For me, the most stressful part is actually the casting. Because that’s going to set the tone of the film and let the audience know how to participate. I absolutely was dying to have Emily Mortimer, because she had such a beautiful balance between the compassion and the humor. Just her nature, her expressions, sitting at a dining room table, looking over at Lars, it just breaks your heart and makes you laugh. And then the other really hard part of that equation was Paul Schneider. A lot of actors came in and were very empathetic as the brother, and wanted to try and work it out. Paul came in and his take was that he was angry about it, and frustrated that he had to deal with it his whole life. Again, it felt very real and very relatable, but it was also funny with Paul. Some actors don’t have that. I really fought for those actors because once it got up and running and Ryan was attached, it became a very coveted script for actors. We actually had an embarrassment of riches.
I’m trying to think back to where Ryan was at this point in his career. Half Nelson hadn’t come out yet, so he was most famous as the heartthrob in The Notebook —
Yeah, and in my mind, it was The Believer, when he was 19, which really showed incredible intensity and chops. I hadn’t seen Half Nelson until we were literally three weeks from shooting. But I had a huge amount of respect for Ryan, and in fact, after I did Mr. Woodcock — that’s a long story of that movie and you can look it up and I ended up getting kicked off the film — but there was this brief period when there was a lot of buzz about it, and off that buzz, we thought now would be a good time to try and set Lars up. My first choice was Ryan, so I decided to send the script to him on a Friday. And the script’s been dormant for five years. Send it out on Friday… he came in and met me on Monday, and we sat down for 45 minutes and talked about the movie. And we just offered it to him. That happened incredibly quickly. I just felt that he had all these qualities I needed, like the earnestness and the accessibility and the vulnerability. And he was going to be fearless with it. You have to go all in with it. But it was always a priority for me — which you mentioned — I never want to make fun of my characters. That was sort of in the script, and there is this earnestness to it. At one point, I just wanted to add a contrarian scene where there were some people in the town that were giving him friction. So we created this scene at a hockey game, where there were some teenage kids taunting him, with Bianca sitting there. We wrote it and auditioned people for it, and then I thought, “You know, it just doesn’t feel like it’s part of this film,” and we ended up not doing it. That was that one moment where we decided to take the high road and keep it earnest, which is really what’s unusual about the film. Usually, there’s that dark moment where somebody challenges him.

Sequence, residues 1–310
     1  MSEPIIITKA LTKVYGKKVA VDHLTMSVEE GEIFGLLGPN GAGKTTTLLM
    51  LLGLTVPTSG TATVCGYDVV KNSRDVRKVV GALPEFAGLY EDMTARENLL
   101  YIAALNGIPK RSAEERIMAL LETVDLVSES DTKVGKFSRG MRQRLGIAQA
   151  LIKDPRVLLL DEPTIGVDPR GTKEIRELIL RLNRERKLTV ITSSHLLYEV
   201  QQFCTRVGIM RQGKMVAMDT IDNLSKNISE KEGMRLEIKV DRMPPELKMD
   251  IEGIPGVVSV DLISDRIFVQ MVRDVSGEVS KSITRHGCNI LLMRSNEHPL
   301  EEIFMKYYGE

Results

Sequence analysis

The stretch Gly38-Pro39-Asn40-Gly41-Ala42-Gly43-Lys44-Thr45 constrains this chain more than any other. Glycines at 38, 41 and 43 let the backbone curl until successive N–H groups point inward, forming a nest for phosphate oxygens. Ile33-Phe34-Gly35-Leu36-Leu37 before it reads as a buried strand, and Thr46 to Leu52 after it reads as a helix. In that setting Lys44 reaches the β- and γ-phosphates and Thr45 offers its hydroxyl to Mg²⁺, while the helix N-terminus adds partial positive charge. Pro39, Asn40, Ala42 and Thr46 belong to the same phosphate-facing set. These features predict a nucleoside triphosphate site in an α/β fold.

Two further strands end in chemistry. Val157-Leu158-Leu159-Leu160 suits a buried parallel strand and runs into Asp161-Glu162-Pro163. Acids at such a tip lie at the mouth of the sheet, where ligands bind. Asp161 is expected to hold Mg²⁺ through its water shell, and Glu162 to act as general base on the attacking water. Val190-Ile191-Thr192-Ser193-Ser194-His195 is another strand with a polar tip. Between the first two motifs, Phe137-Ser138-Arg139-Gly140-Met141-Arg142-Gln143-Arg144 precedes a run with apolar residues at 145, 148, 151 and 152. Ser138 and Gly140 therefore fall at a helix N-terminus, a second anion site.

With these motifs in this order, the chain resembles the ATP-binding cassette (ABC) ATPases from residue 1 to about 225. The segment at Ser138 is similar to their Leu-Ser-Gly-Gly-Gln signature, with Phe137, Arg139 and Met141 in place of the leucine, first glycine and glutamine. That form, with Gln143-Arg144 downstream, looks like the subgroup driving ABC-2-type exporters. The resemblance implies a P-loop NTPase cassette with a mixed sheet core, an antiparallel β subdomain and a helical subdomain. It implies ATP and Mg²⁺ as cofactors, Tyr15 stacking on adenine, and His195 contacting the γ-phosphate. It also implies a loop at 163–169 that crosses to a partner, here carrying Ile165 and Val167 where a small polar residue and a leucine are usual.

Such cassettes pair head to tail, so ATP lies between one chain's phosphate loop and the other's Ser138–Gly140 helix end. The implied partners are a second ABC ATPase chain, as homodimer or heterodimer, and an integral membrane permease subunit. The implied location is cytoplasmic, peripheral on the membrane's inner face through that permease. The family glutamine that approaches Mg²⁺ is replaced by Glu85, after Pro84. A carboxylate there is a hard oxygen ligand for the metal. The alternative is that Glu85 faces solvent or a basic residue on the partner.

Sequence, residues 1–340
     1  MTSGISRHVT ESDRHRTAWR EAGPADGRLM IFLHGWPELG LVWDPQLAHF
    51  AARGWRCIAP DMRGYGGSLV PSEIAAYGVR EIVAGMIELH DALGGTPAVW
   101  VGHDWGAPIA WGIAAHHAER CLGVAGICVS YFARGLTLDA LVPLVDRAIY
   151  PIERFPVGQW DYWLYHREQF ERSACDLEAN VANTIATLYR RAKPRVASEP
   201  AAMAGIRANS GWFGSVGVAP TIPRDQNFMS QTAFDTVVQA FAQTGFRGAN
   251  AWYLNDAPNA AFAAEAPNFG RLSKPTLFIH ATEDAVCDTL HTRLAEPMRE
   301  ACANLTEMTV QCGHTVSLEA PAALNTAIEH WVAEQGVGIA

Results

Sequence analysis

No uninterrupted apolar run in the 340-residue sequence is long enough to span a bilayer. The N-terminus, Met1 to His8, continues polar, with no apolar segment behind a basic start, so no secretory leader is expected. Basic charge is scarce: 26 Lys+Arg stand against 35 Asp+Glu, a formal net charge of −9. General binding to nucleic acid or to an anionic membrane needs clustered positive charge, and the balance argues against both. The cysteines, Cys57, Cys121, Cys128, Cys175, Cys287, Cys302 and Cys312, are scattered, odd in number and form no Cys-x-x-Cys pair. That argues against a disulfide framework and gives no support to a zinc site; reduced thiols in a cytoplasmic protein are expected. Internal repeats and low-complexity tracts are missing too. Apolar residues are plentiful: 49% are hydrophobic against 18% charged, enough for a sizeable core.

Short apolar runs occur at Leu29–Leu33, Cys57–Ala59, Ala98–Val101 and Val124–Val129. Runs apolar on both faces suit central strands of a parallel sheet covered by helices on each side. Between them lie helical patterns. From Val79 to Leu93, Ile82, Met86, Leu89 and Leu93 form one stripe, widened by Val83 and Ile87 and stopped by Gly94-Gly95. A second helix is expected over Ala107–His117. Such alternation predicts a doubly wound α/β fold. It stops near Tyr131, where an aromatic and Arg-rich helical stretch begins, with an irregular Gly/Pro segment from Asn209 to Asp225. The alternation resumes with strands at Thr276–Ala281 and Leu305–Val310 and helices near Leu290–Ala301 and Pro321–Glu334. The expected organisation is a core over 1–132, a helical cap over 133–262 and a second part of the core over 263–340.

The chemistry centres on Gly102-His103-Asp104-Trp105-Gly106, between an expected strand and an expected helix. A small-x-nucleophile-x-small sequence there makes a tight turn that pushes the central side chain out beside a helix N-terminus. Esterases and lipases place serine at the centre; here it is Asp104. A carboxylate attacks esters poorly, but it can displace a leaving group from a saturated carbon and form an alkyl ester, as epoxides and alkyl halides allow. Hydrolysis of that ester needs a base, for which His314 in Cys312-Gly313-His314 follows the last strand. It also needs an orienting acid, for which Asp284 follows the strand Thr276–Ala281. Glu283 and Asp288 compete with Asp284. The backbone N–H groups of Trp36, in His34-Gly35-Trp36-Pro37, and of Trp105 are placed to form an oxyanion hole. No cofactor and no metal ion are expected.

Absolutely. It’s so interesting you say that because I wanted to ask about another moment that is in the film, at the bowling alley where Gus’ work pals come in and you think for a second that they are going to embarrass Lars and that’s going to be the cruel Karate Kid scene where the bullies set him back. But instead, you go in the other direction: They join Lars and Margo and bowl with them.
Yeah. I honestly was the one who was the strongest advocate for [the hockey scene], but it just left a bad taste in your mouth without really helping the journey. There’s one other scene that was taken out, which is Lars getting in the bathtub with Bianca, which was a scene right after the bowling. I don’t think it hurt the film not having it in there, but I actually always liked it. It was just a very complex moment for the character where he was very confused, sexually, about what was going on — because he had that very flirtatious moment at the bowling alley.
Did you have to de-cool or de-glam Ryan to play Lars?
Ryan turned up 20-30 pounds overweight — with a mustache — a week and a half before the shoot. I wasn’t expecting it. We hadn’t really talked about it, but I appreciated it and I appreciated why he was doing it. The mustache for him was a real touchstone, and of course, the studio called and they’re like, “Is there any way you can talk him out of the mustache?” I was like, “No, it’s a real part of his character, and I’m not going to ask him to not have a mustache.” And they were good; they didn’t push it. But it was a question that came up.
Back in 2007, Ryan answered lots of questions about how “method” he went to play Lars, putting his mind and body into the character. Did he really sleep in Lars’ garage apartment?
Yeah, he spent the first week there. The problem was, it was so loud outside. We were shooting nights in there and the crew was working there during the day creating snow, so he couldn’t sleep. People were chatting right outside his window. But yeah, he spent that first week there.